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Grand Forks school find growing reading success through new teaching methods

Reading specialist Tami Schumacher works with kindergartener Ethan Laubach at Ben Franklin recently. Photo by Eric Hylden/Grand Forks Herald

Nearly every student at Ben Franklin Elementary School this year surpassed a personal reading goal, said Principal Beth Randklev. School officials and teachers have long been working for the results. For several years now, the school has been honing a system that’s included new scheduling and more teacher collaboration. This has finally paid off in big gains for students, she said. The school’s national test scores through the Northwest Evaluation Association reflect its progress. The number of students who reached their growth target last year in reading ranged from 62 percent to 79 percent. This percentage aligns with students in the top 10 percent of schools nationwide, according to NWEA, which assesses students on reading and math twice annually. One grade level showed a 24 percentage point increase.  But Tami Schumacher, reading specialist, said she’s most impressed by seeing students take ownership of reading. “They know what their goal is, they know what they need to work on to get there,” she said. “When teachers are more targeted about what they’re teaching, that makes kids more aware of what they’re supposed to learn. And they want to reach their goals.” Scores Ben Franklin’s reading and personal growth scores have notably improved. This year, students’ overall state test scores jumped to 90 percent reading proficiency, up 13 percentage points since 2010. In NWEA test results covering 2010-2013, student progress varied. Some grade levels made great gains — for example, 77 percent of second-graders met personal reading targets last year, up 24 percentage points. Other grade levels didn’t score as high or increase as much. Still, all second- through fifth-graders still showed progress that was within the top 10 percent of schools nationwide, according to NWEA. By the end of this year, Ben Franklin ranked second-highest in reading proficiency out of the district’s dozen schools, according to district reports on NWEA. Kelly Elementary ranked the highest, with 88 percent of students scoring proficient or above, while 86 percent of students scored proficient in reading at Ben Franklin. Winship Elementary was the lowest at 56 percent. Keys to progress A different perspective on the relationship between students and teachers has driven success at the school, said officials.  The idea is that all students at each grade level belong to all teachers at that grade level, Randklev said. Students still have a classroom teacher, but they also attend a reading session at their learning level with a teacher who plans specifically for their needs, she said. Some classrooms are larger than others, depending on student need. “Even though they’re at the bottom group, it doesn’t mean that they’re struggling,” said Schumacher. “They might be at level.” Following this idea means students who need more help can get that help and move up to meet the benchmark, she said.  “It’s all about what the student needs and providing that in the right setting,” said Schumacher. “I think when they’re not frustrated, when they can learn right where they’re at, it’s easier to do the right thing.” Britteny Wolterstorff, who co-taught at the school through a partnership with UND, said the temporary relocation also helps. For some students, moving to a different classroom with a new teacher might also give them a good break, she said. Model school Ben Franklin has been working with this philosophy for several years, and the hard work has paid off, said officials. This year, the school was chosen as a “demonstration school” by the state for instruction and assessment. Ben Franklin was chosen in part because it had shown success by adjusting its resources, said Randklev. “We didn’t have the resources we needed, so we began to use our resources differently,” she said. As part of the recognition, the district receives funding from a federal grant. The money supports two UND grad students, like Wolterstorff, to work alongside teachers and learn better ways of reaching students, said Randklev. Further collaboration among teachers in the form of professional learning communities has also helped improve reading scores. Ben Franklin is among some schools in the district that have adopted the concept, which encourages all teachers to share ideas and solve problems. “The kids really are our kids,” said Schumacher.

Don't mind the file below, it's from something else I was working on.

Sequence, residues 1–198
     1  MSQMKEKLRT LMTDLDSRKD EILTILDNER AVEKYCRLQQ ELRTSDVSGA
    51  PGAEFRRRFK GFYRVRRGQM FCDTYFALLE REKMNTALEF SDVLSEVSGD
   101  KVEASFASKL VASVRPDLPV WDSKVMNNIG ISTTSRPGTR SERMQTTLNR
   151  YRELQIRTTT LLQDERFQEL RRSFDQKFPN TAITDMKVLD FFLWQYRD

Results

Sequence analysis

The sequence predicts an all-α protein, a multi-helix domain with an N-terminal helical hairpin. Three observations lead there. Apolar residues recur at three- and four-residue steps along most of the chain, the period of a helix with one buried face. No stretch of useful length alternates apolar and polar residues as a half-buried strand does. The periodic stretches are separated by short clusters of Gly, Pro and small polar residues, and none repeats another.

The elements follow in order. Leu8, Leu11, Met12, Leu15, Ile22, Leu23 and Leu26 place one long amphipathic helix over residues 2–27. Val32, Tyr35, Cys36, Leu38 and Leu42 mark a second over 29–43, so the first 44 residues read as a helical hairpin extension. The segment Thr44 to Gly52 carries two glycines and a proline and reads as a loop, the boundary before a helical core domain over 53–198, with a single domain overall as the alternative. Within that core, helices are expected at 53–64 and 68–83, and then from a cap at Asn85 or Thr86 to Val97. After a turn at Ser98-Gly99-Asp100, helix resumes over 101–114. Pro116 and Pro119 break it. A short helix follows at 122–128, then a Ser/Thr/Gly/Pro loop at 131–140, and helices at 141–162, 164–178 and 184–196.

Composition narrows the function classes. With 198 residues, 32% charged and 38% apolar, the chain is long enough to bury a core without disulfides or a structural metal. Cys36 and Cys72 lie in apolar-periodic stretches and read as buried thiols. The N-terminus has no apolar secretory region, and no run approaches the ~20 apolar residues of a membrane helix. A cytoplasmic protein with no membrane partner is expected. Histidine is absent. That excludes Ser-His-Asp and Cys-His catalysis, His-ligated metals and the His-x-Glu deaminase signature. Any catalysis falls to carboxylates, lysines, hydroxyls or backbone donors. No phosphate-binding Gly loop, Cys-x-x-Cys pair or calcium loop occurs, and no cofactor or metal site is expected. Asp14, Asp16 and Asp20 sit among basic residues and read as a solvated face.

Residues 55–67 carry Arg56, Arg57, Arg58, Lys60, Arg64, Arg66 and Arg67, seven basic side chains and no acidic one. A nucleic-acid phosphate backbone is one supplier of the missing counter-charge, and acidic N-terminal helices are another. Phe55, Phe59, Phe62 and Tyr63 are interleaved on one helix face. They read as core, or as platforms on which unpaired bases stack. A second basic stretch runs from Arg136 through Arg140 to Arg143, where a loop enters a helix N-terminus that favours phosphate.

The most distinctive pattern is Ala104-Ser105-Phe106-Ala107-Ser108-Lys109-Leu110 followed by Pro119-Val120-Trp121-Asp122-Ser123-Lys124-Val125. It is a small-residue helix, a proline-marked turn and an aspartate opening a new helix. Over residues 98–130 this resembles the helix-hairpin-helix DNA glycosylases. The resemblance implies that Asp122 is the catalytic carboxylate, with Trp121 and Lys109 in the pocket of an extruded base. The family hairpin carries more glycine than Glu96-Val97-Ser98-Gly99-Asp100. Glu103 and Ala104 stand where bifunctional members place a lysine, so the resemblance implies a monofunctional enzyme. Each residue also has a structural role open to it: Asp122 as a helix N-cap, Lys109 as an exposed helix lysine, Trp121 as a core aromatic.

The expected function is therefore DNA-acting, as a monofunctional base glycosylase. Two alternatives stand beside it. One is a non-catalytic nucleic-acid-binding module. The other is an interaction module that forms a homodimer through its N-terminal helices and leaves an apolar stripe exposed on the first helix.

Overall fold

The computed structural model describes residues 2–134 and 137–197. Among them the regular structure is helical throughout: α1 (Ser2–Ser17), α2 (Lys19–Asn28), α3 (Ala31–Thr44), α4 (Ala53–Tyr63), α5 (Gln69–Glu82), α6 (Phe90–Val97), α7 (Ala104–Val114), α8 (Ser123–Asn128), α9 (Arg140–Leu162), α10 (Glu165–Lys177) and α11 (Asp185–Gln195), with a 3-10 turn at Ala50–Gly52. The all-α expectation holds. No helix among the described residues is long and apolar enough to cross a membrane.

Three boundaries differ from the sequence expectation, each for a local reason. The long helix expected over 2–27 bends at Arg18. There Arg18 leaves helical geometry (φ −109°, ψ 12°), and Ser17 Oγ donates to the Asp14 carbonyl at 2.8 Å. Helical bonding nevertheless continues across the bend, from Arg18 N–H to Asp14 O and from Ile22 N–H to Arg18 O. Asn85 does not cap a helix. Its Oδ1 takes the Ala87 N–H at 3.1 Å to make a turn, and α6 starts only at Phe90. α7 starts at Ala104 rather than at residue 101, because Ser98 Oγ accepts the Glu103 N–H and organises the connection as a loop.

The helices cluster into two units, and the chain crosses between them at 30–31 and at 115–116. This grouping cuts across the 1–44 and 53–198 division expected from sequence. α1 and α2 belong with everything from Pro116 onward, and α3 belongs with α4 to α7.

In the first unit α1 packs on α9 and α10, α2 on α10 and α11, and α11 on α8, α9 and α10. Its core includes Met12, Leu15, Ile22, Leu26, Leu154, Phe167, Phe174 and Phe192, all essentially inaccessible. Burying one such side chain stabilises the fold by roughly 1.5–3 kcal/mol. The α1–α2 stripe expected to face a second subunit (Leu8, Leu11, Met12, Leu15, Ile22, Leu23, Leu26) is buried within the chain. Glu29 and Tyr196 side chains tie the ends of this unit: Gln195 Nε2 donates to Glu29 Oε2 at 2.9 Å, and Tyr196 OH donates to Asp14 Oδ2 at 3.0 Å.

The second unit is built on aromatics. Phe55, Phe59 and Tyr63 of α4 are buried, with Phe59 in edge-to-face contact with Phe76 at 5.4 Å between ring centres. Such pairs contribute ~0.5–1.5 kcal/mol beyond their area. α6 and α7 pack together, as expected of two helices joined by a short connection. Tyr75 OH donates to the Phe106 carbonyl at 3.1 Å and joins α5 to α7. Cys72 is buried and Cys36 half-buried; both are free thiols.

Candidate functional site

Jennifer Johnson

Jennifer Johnson is the K-12 education reporter for The Grand Forks Herald.  Contact her if you have any story ideas or tips and visit 

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